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Culture, Society and Praxis

Article Title

In This Issue . . .

Document Type

Main Theme / Tema Central

Abstract

In this issue of Culture Society and Praxis, we return to our reflections on War, Culture, and the Future. Jeff Kasik entertains a very difficult question for people in the US today. It is the question of the ethical dimension of the use of military force around the world, and also of the use of professional, disciplinary based knowledge in practices of war that allow combatant forces to engage effectively in killing the enemy. Easier said than done; Kasik faces the difficult task of putting into words what it is often impossible to articulate, particularly for those that have faced the need to pull the trigger.

Chad Roberts' piece brings us to another kind of war, one that we can certainly live with but one that often people simply do not know how to frame: it is the Graffiti Wars. His piece brings the magic of the insider's perspective, and challenges our readers to consider the true dimension of this sociological phenomenon of global proportions.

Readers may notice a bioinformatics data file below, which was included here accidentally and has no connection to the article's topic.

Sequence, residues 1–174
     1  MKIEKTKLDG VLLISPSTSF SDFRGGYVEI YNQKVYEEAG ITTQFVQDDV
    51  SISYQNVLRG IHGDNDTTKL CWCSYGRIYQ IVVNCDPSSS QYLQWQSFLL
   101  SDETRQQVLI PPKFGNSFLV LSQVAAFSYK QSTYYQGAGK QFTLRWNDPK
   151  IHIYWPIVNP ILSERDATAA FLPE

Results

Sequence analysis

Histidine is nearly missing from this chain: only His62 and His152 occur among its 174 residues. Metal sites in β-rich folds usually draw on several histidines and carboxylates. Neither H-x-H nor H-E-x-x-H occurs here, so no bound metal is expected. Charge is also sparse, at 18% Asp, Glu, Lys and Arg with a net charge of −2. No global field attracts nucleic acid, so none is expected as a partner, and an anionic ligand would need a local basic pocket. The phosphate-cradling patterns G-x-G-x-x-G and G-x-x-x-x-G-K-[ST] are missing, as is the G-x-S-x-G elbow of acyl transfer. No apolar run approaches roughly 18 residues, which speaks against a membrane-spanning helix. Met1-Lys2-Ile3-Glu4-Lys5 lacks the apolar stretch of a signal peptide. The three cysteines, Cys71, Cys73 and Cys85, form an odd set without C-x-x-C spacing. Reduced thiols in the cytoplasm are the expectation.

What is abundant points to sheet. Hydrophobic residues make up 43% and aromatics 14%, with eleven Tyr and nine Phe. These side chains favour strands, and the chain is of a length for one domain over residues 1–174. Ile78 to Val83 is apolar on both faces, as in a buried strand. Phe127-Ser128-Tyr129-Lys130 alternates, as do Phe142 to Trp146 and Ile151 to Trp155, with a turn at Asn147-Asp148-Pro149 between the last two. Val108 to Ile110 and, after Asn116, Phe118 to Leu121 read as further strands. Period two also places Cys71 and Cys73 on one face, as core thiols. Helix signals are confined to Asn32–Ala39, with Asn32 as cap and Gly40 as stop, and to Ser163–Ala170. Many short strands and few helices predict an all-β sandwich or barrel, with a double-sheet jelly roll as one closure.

Hand in hand with the topic of sense of belonging, Violeta Mendoza Wagner writes a carefully framed reflection on the importance of Bilingual Education. Mendoza Wagner takes a strong stance in favor of considering Bilingual Education as an important tool to ensure the integration of the migrant population.

Ana Moran contributes to this issue a short piece of undeniable power. Her article challenges the reader with a direct question: Tell me if I pass and if I am worth it! The reader would agree that this rhetorical question is responded by Moran with a resounding and well articulated reflection on the importance of identity. Her piece is a clever and vivid reflection on the difficulties and importance of identity, and where class, gender and ethnicity intersect.

This time we have in the midst of our writers a coveted author that has written extensively and is one of the most renowned specialists in the history of Vietnam. David Anderson's piece takes us back to the questions that are difficult to answer, related to War, Peace and the Future. We are honored to have this guest piece and we hope our readers find it as relevant to the current issue as we think it is.

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